- Saturday: 6PM
- Sunday: 9 & 10:45AM
Thanks for your prayers as we provide shelter for fire evacuees here at TLC, and also process the grief and practical details related to our own fire destruction at Camp Hammer.
Here are the three most frequently asked questions:
These funds will be used to help fire victims in the weeks and months ahead. At this time we are no longer accepting donated items except for Target, Safeway, or Costco gift cards
From multiple photos taken by first responders we can confirm that, with the exception of three of the original cabins and two sheds, all other buildings at Camp Hammer were destroyed by the fire. Of the three surviving cabins, Azalea appears to be untouched. The other two, Maple and Oak, were damaged but are still standing. Whether or not they are salvageable remains to be determined.
We will provide further information when we are able to inspect the property. In the meantime please continue to pray for our Camp Hammer staff. Housing has been arranged for all of them in town, but they carry the grief and shock of losing their homes and workplace. Please pray also that God will bless and direct our steps as we seek His will for the future of Camp Hammer--a ministry God has used to impact thousands upon thousands of lives for the past 55 years.
Our camp staff are now all without permanent lodging, because most of the buildings at Camp Hammer were destroyed. Please keep them in your prayers as they process this difficult loss. We are providing for staff— both their material needs and emotional needs such as trauma counseling–– through the staff benevolence fund. You can contribute to that at tlc.org/give and in the memo write “STAFF BENEVOLENCE”.
CAMP HAMMER FIRE UPDATE
INTERVIEW WITH ERIC AND SARAH
Many of you have been asking how our camp director Eric Swanson-Dexel, his family, and the staff are doing. Rene met via zoom with Eric and Sarah to answer your most frequently asked questions about the fire.
UPDATE FROM RENE & MARK
Hello dear friends,
Our Camp Hammer was severely damaged by the wildfire on Tuesday night August 18. First let me say we are very grateful our staff are all safe.
However, after two visits to the site, we can confirm that, with the exception of three of the original cabins, the field stage, and two sheds, all other buildings at Camp Hammer were completely destroyed by the fire. Of the three cabins, Azalea appears to be untouched. The other two, Maple and Oak, were damaged but are still standing. Whether or not they are salvageable remains to be determined. We are assessing the situation with expert consultants. While we hope to rebuild, many questions about remain unanswered; our next steps will become clearer as debris is removed over the next several months.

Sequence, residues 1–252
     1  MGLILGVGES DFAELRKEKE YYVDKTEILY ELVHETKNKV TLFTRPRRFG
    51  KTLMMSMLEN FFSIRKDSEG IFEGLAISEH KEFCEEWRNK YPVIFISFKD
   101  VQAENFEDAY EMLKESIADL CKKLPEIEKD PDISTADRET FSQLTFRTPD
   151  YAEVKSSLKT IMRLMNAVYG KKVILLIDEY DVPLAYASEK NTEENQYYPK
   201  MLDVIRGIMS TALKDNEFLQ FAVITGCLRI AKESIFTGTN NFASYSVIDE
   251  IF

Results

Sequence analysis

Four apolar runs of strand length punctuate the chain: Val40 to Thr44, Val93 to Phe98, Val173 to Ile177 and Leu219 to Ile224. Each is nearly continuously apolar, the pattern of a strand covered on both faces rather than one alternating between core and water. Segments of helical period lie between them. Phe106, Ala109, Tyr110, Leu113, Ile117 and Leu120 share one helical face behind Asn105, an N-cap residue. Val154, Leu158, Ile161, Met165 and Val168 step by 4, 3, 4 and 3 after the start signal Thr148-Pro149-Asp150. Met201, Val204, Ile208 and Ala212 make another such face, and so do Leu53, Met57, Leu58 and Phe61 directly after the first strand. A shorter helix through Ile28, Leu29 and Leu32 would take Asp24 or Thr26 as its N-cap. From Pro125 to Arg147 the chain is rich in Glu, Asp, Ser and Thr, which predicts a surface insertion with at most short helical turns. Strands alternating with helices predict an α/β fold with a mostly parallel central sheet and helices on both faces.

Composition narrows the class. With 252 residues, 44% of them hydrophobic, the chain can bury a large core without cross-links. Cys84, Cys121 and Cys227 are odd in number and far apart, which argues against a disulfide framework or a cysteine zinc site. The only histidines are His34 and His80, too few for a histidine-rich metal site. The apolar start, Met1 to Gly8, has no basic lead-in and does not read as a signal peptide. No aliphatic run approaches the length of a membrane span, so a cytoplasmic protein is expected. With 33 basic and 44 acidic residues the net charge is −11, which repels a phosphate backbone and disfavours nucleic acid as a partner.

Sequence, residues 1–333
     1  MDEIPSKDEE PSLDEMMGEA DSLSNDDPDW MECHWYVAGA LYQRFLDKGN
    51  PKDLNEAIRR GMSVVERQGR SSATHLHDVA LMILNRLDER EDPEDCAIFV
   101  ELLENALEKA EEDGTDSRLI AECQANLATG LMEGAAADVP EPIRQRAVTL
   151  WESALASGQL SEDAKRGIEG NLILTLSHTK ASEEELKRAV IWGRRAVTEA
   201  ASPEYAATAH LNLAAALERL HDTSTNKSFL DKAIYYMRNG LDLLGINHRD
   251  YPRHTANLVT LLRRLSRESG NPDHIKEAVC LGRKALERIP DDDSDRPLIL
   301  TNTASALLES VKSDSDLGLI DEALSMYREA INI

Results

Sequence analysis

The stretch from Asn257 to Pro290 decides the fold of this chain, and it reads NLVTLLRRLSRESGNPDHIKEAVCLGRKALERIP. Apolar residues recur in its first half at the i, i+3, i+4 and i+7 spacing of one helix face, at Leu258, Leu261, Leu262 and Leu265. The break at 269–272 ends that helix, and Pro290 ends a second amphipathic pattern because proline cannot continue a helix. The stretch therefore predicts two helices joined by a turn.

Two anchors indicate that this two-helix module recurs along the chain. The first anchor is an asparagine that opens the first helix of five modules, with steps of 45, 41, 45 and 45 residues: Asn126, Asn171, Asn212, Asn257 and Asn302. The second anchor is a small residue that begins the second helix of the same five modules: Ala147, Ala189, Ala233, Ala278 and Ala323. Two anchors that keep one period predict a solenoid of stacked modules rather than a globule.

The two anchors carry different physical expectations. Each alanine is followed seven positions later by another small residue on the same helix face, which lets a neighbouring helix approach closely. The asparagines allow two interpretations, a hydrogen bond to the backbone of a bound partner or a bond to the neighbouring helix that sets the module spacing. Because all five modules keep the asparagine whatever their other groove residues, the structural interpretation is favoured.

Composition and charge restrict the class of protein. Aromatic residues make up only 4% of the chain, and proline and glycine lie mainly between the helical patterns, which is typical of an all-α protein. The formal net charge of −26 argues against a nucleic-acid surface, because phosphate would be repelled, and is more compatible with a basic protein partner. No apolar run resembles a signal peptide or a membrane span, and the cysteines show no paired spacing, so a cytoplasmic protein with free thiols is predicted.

Please continue to pray for our Camp Hammer staff. Housing has been arranged for all of them, but they carry the grief and shock of losing their homes and workplace. Please pray also that God will bless and direct our steps as we seek His will for the future of Camp Hammer--a ministry God has used to impact thousands upon thousands of lives for the past 55 years.
On hearing this news, those of us with personal ties to camp are shocked, saddened, angry, in denial—in other words, we are grieving. All of these emotions crash in on us at these moments. And all those emotions are valid. They are all a part of the grief process.
But there is one emotion we must resist: Despair.
We must resist despair because first, we know that the ministry of Camp Hammer goes on today in the lives of thousands of campers and staff who were born into the faith there, and grew in the faith there. Today Camp Hammer alumni live all over the world, many in full-time ministry, the Camp Hammer Effect rippling out across the globe every day. No fire that can extinguish that. Is Camp Hammer destroyed? No. Today Camp Hammer is still in California and New York and Japan and Europe and Africa, through the lives of all those shaped there spiritually over decades.
Most of all, in these moments we must recall the central story of our faith:The death and resurrection of Jesus, the most awful tragedy and the most joyful triumph anyone ever experienced.
The cross was real, and tragic, but the empty tomb is real too. Jesus lives. He lives today.
And this is our hope. This is what keeps us going. This is why we can go forward with new hope for the future. No matter how dark it gets, we remember that God ultimately transforms each terrible cross into joyful resurrection. This is the arc, the plotline, of our faith, and through faith I believe we will experience it again even in this.
So today, let’s grieve together, but let’s not despair. Let’s not lose hope. Yes, in life we live through agonizing crucifixions. Loved ones, cherished hopes, and even beloved places, sometimes die.
But our faith reminds us that this is not the end of the story. Not ever. In unexpected ways, resurrection always follows.
Thanks for reading, and for your continued prayers.
Much love in Christ,
Rene Schlaepfer & Mark Spurlock
"Let us hold unswervingly to the hope we profess, for he who promised is faithful.” Hebrews 10:23
God’s promise is not that fires won’t come; his promise is that we will not be utterly consumed by them, because we know our hope is not in our homes or material goods; our hope is ultimately in Him, and He will shepherd us through every dark valley…
“Do not be afraid, for I have ransomed you. I have called you by name; you are mine. When you go through deep waters, I will be with you. When you go through rivers of difficulty, you will not drown. When you walk through the fire of oppression, you will not be burned up; the flames will not consume you. For I am the LORD, your God, the Holy One of Israel, your Savior.”
Isaiah 43:1b-3a NLT